Last week, the motor sports papers, mags and websites were full of tributes to a lost star. And rightly so. Colin McRae MBE touched so many lives in so many different ways. From the computer screen generation listening to those couthy tones and watching Subarus and Fords dancing on the screen to those more fortunate who saw the man and machine in full three dimensional action, hurling cars at unbelievable speeds into the unknown.
This weekend it's Coltness Car Club's turn to pay tribute, but not just to Colin. The whole McRae family have been a part of the club since Jim took up rallying in 1974 after a career moto-crossing, or motor cycle scrambling as it was called in those days. As wife Margaret observed: "I was happier, because I thought cars were safer than motor bikes - if only I knew!"
At 31 years of age, Jim was a late starter in rallying, and who knows, had he taken to rallying before he discovered bikes maybe Scotland could have had its first world rally champion a lot sooner.
Even then, rallying was changing. And fast. Four wheel drive, turbos, superchargers, power steering, sequential shifts, suspension, electronics, tyres and of course Pace Notes.
The sport demanded more of its drivers too. Top drivers had to become top athletes to cope with the physical demands and the pressure. Talent behind the wheel was not enough.
Then along comes a skinny, gangly young man who turned that theory on its head. If it was front wheel drive, rear wheel drive or four wheel drive he would simply jump in and drive the wheels off it. The biggest problem was getting him to slow down, and countless relatives, friends and team managers tried to do so over the years. But it was that innate ability, courage and spectacular car control that endeared him to countless rally fans around the world.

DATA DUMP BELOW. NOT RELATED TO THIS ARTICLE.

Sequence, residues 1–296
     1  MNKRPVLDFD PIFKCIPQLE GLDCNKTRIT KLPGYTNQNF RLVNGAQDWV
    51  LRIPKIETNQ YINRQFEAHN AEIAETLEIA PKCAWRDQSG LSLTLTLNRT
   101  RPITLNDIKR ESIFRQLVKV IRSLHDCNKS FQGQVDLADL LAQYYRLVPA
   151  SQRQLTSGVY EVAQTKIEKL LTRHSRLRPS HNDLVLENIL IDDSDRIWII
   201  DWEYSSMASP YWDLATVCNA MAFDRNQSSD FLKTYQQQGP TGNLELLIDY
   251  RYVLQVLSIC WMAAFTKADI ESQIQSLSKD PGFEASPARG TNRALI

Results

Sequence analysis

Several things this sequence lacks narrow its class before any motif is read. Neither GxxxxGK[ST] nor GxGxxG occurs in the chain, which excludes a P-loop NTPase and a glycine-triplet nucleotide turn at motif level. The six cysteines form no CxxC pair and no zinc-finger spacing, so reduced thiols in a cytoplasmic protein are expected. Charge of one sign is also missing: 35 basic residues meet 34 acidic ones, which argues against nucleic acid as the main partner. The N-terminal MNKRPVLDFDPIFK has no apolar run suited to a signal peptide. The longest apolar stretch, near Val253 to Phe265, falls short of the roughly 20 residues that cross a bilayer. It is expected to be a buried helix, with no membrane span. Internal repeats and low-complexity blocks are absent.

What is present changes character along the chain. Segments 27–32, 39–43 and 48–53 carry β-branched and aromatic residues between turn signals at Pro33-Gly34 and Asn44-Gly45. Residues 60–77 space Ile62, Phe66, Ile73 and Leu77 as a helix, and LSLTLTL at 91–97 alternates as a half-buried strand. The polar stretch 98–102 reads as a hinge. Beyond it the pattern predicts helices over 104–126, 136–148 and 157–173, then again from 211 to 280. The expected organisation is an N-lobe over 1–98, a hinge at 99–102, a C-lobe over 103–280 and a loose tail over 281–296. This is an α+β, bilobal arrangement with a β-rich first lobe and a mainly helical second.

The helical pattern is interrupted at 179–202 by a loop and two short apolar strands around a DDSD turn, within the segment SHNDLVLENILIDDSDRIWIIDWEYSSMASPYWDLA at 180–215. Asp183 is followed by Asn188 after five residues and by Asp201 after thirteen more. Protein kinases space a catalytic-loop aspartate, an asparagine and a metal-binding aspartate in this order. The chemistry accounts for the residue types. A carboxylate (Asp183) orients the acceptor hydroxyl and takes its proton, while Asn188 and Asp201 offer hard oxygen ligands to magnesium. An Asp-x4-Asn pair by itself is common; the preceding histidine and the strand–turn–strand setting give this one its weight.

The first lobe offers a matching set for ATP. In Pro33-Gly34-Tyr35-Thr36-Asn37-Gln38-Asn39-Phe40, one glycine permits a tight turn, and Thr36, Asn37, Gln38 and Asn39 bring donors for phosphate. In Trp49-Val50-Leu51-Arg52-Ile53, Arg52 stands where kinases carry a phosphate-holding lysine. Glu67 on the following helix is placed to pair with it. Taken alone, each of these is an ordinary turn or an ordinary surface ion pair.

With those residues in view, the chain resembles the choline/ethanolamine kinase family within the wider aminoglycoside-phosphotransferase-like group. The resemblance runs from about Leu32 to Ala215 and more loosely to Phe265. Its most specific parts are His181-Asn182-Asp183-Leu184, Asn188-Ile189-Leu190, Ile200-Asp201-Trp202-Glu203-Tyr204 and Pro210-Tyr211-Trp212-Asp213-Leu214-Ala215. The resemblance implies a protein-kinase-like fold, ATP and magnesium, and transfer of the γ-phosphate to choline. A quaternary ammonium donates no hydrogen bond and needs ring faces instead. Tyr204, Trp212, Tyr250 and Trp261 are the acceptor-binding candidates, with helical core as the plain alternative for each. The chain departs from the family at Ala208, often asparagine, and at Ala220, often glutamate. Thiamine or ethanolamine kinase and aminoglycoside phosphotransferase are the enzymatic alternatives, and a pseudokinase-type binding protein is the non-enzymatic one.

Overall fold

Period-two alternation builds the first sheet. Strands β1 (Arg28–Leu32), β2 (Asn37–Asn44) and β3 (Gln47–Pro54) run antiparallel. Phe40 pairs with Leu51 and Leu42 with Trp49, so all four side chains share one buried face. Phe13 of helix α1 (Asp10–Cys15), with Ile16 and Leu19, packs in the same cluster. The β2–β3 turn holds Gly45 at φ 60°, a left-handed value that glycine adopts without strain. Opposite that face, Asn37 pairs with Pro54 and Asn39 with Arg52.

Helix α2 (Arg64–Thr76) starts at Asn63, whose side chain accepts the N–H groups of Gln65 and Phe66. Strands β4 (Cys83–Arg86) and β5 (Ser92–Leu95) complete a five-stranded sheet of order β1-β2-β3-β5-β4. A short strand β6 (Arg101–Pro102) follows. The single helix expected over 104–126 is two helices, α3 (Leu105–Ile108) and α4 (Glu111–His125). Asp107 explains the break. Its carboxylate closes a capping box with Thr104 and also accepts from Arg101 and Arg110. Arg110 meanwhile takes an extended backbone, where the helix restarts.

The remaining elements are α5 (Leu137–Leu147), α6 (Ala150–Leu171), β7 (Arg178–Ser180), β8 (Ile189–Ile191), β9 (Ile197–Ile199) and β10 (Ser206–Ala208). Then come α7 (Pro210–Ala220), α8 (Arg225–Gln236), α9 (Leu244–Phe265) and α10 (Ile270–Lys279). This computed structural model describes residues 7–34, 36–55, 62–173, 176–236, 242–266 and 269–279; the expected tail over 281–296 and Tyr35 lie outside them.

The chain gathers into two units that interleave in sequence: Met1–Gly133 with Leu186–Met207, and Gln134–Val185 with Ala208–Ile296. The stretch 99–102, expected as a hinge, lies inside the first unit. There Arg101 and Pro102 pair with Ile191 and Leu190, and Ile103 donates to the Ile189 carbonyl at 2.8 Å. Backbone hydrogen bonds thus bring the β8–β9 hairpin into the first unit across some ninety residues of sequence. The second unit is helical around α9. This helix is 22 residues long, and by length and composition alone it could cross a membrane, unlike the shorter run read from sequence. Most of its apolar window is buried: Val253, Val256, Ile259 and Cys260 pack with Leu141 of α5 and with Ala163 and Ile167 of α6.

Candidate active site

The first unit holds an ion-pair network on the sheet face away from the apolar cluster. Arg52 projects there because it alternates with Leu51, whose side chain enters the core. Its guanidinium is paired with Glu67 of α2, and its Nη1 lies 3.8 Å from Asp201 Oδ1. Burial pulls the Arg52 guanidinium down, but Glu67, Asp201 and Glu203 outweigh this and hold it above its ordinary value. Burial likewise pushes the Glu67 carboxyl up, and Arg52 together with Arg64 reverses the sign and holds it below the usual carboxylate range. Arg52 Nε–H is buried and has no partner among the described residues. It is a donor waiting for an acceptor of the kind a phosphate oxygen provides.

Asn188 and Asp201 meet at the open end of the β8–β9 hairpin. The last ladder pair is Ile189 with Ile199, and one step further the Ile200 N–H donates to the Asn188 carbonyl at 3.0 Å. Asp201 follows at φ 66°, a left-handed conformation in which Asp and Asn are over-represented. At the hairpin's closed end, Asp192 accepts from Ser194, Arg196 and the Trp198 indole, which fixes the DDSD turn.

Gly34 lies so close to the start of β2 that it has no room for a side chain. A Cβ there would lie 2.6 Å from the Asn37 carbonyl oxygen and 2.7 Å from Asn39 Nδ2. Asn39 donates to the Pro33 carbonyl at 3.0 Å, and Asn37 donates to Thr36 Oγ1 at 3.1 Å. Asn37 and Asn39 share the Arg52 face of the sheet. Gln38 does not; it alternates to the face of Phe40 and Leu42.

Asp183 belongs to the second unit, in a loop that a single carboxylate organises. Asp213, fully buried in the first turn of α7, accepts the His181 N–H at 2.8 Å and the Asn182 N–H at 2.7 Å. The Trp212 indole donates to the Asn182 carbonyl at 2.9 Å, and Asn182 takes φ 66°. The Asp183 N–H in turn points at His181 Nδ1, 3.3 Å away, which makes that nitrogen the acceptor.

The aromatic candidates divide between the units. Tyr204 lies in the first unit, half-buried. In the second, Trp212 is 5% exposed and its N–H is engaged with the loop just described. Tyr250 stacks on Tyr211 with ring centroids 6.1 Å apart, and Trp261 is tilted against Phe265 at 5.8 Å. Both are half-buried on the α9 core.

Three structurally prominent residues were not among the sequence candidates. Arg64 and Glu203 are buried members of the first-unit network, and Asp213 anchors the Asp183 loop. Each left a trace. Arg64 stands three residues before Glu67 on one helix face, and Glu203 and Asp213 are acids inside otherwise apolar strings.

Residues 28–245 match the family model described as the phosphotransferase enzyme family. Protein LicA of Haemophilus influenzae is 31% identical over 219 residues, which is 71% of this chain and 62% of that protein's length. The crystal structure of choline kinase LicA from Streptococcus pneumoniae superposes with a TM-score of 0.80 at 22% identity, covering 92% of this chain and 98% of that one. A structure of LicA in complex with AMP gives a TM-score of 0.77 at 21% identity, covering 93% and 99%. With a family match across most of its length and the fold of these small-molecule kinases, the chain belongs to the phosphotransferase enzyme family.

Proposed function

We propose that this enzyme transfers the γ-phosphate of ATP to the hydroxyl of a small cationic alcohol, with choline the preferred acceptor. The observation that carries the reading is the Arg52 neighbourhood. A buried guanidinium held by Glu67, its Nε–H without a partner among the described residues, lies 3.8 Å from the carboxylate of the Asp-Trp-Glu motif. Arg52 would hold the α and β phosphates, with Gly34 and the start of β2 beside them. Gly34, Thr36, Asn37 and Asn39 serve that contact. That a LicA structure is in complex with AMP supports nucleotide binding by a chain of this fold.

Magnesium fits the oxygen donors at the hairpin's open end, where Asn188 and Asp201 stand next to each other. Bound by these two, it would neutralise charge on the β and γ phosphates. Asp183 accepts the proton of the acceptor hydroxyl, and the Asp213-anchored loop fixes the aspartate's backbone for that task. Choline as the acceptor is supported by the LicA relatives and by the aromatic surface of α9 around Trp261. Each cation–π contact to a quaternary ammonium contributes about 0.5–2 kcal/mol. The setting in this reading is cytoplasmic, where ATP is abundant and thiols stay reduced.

Like Colin and his Dad before him. Alister came through motor cycle trials and motocross too, but it was 'dodgy motocross knees' that encouraged him to switch from two wheels to four. It could be argued that Alister was just as quick as his big brother but he had a more 'thinking' approach to the sport. He was also a bit more flamboyant and talkative outside the car. Two quite different personalities and two quite different attitudes to the sport.
And yet, throughout all that fan hysteria and public clamour, all three of them would drop into clubnights when they had the time. Even at the height of his fame, Colin enjoyed the clubnights. It was the one chance he could relax amongst friends. He wasn't 'on stage' he was one of the 'bears'. Both he and Alister were ribbed mercilessly about their exploits whether winning, losing or crashing. Nothing was off limits, and everything that happened within the club, stayed within the club.
Coltness Car Club celebrated its 60th anniversary 3 years ago and the McRaes have been a central part of this club for over 40 of those years. So this Saturday's one-off 'McRae Gravel Challenge' at Craigvinean Forest will commemorate not only a lost club member but the whole family. Although Alister now lives in Australia, faither will be there. Jim will be on Course Car duty.
What Coltness have planned is unusual, four stages in one forest in one day. Facilities and space are limited so if you're planning to come, bear that in mind, but I can't think of a better way to spend a Saturday. Just remember, sensible clothes and stout boots. Oh, one other thing, if you do transgress, just 'bear' in mind who is running this event!
Full spectator information is on the Coltness Car Club website: